But while in the story he’d better served by taking on a less subservient attitude, in real life he seemed to do just fine whatever his approach was, as he managed to snag Chubby Newsom and the rest of the men lusting after her fine frame did NOT, so while I’d stand by the general assertion that it’s always better to exude nonchalant confidence when dealing with the opposite sex, Eddie Gorman might beg to differ if this was indeed how he captured her heart.

But then again he’s likely just playing a role because his efforts within the context of Don’t Worry ‘Bout Nothin’ seem not to be having much effect. He then tries to bribe her, offering both a Cadillac and a diamond ring if she’ll just “be nice” to him. But as he then reveals she hasn’t even consented to give him her phone number yet and so his chances at even getting to first base with this girl are pretty low, expensive automobiles and fancy rocks or not.
 

Be Nice To Me
If he’s looking to the usually stellar Gayten to aid his cause he’s not going have much luck. Though the primary backing is modestly suitable, just a gently swaying riff that doesn’t draw much attention to itself, with throbbing horns and a steady acoustic bass thrumming demurely behind it with a few piano and guitar accents, the break is where they need to stand out and yet that’s precisely where they lose their way.

That it starts out well with a saxophone gently curling around the melody like smoke from a neglected cigarette back in the days when such things were deemed exotic rather than sickly (both the noxious tobacco and the underpowered sax lines), adding a decent ambiance to the proceedings. But that mood dissipates the moment the trumpet comes barging into the room… too loud, too shrill, too drunkenly exuberant… wandering around aimlessly and driving away the girl Gorman is hitting on, along with the rest of the patrons sitting nearby and half the listening audience as well.

Of course our disdain for the trumpet in rock is well established but we keep trying to insist that it’s not the instrument itself that we take issue with, but rather the overbearing style of playing that carried over from other musical forms.

This was always a risk in New Orleans where the trumpet ruled – it’s where Louis Armstrong was from for goodness sakes! – and as such it always took a more prominent role there than in say Memphis, Los Angeles or Detroit. But nobody in these early days of rock had managed to find a suitable balance between its harsher tones and the requirements of the songs which called for a lighter touch with it when contrasted with the deeper romping tones of the sax players.

Gayten clearly hasn’t found a solution for that yet and so he allows the trumpeter to run wild over the long instrumental break, killing its already compromised momentum and setting up an uneasy disconnect between its grating higher tones and Gorman’s deep voice when he reappears in a doomed effort to further push his case for romantic fulfillment.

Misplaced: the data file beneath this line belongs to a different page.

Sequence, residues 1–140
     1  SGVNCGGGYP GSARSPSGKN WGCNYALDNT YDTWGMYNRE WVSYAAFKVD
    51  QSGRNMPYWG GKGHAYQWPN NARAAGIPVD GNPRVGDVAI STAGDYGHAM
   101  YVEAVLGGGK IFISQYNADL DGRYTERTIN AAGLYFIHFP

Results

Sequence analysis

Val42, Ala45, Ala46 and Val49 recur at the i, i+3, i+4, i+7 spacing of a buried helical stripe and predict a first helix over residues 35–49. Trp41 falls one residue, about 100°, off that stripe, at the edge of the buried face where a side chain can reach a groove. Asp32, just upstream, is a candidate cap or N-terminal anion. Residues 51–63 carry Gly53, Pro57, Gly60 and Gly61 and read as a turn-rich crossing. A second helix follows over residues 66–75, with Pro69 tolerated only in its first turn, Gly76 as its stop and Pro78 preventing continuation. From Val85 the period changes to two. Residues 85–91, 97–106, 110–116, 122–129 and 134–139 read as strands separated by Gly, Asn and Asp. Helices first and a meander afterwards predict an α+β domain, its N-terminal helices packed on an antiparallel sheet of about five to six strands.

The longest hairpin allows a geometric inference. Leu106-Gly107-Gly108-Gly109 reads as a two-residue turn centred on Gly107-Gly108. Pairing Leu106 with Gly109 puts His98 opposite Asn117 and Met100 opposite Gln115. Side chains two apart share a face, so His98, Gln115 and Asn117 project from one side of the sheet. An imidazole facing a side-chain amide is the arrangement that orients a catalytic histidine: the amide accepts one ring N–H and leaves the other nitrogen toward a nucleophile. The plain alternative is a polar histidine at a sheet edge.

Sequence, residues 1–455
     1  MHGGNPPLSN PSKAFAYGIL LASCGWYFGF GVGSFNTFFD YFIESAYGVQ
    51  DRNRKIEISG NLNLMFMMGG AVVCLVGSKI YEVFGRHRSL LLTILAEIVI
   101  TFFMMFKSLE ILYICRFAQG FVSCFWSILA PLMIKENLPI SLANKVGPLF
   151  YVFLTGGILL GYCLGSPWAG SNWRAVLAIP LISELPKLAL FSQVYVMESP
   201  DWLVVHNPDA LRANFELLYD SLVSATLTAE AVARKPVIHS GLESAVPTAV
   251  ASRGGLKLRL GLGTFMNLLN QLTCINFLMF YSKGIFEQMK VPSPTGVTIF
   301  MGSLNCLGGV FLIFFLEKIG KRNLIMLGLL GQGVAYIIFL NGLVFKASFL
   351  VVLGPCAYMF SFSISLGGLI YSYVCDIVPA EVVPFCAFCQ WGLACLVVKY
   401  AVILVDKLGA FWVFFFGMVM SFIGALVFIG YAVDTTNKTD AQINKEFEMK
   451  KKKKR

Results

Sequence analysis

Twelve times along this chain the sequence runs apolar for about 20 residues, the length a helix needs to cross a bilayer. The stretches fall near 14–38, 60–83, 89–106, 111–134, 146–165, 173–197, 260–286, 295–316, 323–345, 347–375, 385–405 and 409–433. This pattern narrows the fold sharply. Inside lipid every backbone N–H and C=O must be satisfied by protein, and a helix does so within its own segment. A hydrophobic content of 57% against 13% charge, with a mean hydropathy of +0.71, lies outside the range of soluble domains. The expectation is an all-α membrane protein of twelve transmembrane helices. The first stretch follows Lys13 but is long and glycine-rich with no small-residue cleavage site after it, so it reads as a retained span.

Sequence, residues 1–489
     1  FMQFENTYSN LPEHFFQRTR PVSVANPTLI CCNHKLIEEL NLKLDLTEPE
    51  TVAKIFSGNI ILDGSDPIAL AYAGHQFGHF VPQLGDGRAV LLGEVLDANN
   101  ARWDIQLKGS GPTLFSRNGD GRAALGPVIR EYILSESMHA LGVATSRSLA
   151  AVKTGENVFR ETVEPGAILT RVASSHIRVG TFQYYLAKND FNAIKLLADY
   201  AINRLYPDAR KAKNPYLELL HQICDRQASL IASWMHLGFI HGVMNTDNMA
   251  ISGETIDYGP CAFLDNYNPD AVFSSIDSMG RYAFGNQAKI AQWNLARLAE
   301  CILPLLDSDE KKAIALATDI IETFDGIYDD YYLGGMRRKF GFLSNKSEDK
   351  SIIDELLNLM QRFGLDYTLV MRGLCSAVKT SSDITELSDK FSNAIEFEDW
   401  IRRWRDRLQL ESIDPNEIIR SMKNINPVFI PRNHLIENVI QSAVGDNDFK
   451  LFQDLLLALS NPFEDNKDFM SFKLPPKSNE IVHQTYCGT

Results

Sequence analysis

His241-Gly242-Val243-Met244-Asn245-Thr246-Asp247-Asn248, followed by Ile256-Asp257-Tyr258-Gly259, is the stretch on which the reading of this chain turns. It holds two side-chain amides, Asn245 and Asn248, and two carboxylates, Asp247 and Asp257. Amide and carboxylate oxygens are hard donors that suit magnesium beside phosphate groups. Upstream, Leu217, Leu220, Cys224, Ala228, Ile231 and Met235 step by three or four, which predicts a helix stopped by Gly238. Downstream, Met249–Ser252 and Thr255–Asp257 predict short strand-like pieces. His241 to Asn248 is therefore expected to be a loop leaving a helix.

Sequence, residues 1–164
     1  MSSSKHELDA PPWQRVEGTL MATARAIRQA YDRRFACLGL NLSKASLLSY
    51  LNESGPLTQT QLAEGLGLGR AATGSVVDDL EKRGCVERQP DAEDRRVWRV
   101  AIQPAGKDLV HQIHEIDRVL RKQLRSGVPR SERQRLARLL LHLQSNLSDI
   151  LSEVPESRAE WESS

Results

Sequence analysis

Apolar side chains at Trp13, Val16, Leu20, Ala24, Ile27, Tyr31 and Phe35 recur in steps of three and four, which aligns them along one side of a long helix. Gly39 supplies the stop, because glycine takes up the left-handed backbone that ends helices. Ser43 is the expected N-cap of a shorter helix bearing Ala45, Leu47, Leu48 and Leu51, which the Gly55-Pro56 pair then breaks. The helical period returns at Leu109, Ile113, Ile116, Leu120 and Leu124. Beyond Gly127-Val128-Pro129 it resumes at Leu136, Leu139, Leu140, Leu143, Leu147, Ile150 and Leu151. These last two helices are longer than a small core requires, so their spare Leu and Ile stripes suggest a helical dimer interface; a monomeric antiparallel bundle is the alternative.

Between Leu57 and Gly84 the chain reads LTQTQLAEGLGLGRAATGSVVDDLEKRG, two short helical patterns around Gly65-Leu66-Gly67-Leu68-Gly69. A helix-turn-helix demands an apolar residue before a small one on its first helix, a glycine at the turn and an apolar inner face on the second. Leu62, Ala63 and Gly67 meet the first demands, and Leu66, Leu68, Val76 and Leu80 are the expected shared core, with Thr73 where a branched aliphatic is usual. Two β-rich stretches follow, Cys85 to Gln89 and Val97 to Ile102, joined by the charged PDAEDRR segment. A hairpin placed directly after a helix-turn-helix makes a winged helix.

As a result Don’t Worry ‘Bout Nothin’ sounds almost like two different songs, or at least one song trying to appeal to two different audience mindsets. The instrumental interlude is for those in a dim café late at night drinking wine and pretending to be conversant in French, while Gorman’s more earthy perspective is for those at the corner bar drinking draft beer and maybe doing a shot or two of whiskey while barely understanding the limited nuances of the English language.

Because of this it doesn’t connect fully with either crowd even if its shortcomings never really get under your skin and leave you exasperated. It’s hard to see how this found such a receptive audience in one pocket of the South to make it the most popular song in a major metropolitan city, but Gorman is affable enough with his never-say-die irrational hope in landing this girl that you’ll happily listen to him keep trying his luck until something else steals your attention from his futile pursuit.
 

Give Me Your Number
There’s been few artists through rock’s first year and a half that are as tough to peg as Eddie Gorman right out of the box. He’s not just a lost figure historically but seemed to be one of the first cases of somebody whose success at the time (which, spoiler alert, continues next time out as well) was almost met with indifference. It’s not just that he failed to keep his career rolling after some good early commercial returns, but that he wasn’t even afforded an opportunity to do so. Once he and Newsom split Eddie Gorman fell off the face of the earth apparently – though of course seeing what he lost in Chubby’s companionship would make most guys want to jump off a cliff, or at least join a monastery in Tibet or something.

I suppose the easiest corollary would be with Joe Swift, another marginally talented but obviously flawed singer with some notable success who all of a sudden disappeared from the recording scene at a time when rock’s presence as a whole was rapidly expanding with more record labels appearing on the scene all the time and presumably in need of artists to fill out their roster. How two artists with proven track records, modest though they may be, failed to find steady employment so soon after their breakthroughs is one of the mysteries of an industry that often doesn’t make sense even in the best of circumstances.

But that eventuality is still around the corner. For now the bigger mystery is how something that can best be described as “halfway decent” managed to transcend those limited aspirations and find an audience.

Maybe he was giving away free pictures of Chubby Newsom with every record bought. If so I’ll take ten copies myself and give Gorman the benefit of the doubt heading into his next offering, even if most of that time is spent admiring Newsom’s more apparent charms, not only visually but vocally as well.
 
 
SPONTANEOUS LUNACY VERDICT:

 
 
 
 
 
 
 
 

 
(Visit the Artist page of Eddie Gorman for the complete archive of his records reviewed to date)